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Applying ecosystem services

ESA Corporate Award winner Adam Davis

Ecological Society of America

Starting in the compost business in 1985, Adam Davis always looked for a link between sustainable ecosystems and market mechanisms. "We're going to have to pay for the things we need the most...Earth's systems are life support systems, underlying all other social and economic systems, " says Davis.

Davis believes ecosystem services, resources and services that the environment provides such as timber, clean water, absorption of pollutants, and habitat for fisheries and agriculture, "will inform economic activity in the future." Working with industry and environmental groups, Davis helped create standards for forest management, drafting a wood procurement policy for the second largest purchaser of wood products in the United States. The policy sets standards for companies, and rewards them in relation to how well they maintain and restore the systems and services they use from nature. In another case for a major utility, he helped develop a management compensation system to reward environmental performance.

Now his work focuses on integrating economic value into land conservation for private landowners. By using current regulations to drive the economic value of conservation, his work seeks to apply ecosystem services theory and make environmental features better understood by business. Companies are finding that investing in these protected environments is not only good for the Earth, but is a sound financial investment as well.

Along with his work with industries, Adam Davis has been a messenger of sustainable use by writing for the business press, explaining the role of businesses in environmental protection, and elucidating the importance of sustainable practices for economic productivity. He has also participated as a trainer in the Aldo Leopold Leadership Program for ecological scientists over the past three years.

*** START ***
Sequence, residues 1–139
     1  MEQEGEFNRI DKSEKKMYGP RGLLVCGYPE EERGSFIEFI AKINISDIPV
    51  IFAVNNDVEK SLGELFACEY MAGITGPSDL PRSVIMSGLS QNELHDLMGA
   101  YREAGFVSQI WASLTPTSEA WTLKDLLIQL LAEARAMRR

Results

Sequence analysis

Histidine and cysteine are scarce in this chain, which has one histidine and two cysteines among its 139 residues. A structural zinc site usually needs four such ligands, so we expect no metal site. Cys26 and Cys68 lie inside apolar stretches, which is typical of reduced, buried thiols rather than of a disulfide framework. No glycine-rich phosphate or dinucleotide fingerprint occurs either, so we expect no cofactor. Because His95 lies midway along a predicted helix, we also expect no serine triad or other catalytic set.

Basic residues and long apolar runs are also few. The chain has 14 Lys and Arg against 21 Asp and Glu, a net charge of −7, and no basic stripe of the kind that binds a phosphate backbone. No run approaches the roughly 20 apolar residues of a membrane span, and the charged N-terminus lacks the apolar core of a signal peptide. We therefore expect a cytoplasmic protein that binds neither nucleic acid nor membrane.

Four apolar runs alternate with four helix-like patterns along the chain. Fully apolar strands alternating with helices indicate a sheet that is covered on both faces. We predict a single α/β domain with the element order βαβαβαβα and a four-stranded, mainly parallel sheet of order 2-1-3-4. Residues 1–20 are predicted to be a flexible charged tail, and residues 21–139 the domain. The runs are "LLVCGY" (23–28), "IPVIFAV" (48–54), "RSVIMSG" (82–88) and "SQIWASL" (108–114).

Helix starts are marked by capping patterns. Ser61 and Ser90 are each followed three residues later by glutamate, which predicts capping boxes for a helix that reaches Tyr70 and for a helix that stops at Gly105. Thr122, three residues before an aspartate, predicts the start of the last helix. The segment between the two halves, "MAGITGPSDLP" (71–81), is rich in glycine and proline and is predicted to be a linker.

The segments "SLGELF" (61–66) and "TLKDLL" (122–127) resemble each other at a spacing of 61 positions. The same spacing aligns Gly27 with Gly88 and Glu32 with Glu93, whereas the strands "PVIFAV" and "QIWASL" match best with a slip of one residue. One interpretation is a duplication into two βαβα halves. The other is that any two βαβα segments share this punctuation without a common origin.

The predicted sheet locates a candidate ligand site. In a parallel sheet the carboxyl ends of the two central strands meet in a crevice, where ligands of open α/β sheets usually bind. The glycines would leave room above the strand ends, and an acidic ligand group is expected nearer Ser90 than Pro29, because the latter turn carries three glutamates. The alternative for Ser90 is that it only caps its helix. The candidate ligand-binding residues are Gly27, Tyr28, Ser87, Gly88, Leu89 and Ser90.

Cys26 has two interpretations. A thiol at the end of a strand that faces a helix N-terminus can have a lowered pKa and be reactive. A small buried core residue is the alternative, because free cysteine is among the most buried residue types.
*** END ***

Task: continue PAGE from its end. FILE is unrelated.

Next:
"Adam Davis's work is an excellent example of how ecologically sound practices and business can work together," said ESA President Pam Matson.


To learn more about Davis, visit, the Electric Power Research Institute web page, where Davis serves as Director of the Environment Division. For more information on the ESA's Annual Meeting in Tucson, Arizona, see the meeting website:

The Ecological Society of America (ESA) is a scientific, non-profit, 7,800-member organization founded in 1915. Through ESA reports, journals, membership research, and expert testimony to Congress, ESA seeks to promote the responsible application of ecological data and principles to the solution of environmental problems. ESA publishes three scientific, peer-reviewed journals: Ecology, Ecological Applications, and Ecological Monographs. Information about the Society and its activities is published in the Society's quarterly newsletter, ESA NewSource, and in the quarterly Bulletin. More information can be found on the ESA website:

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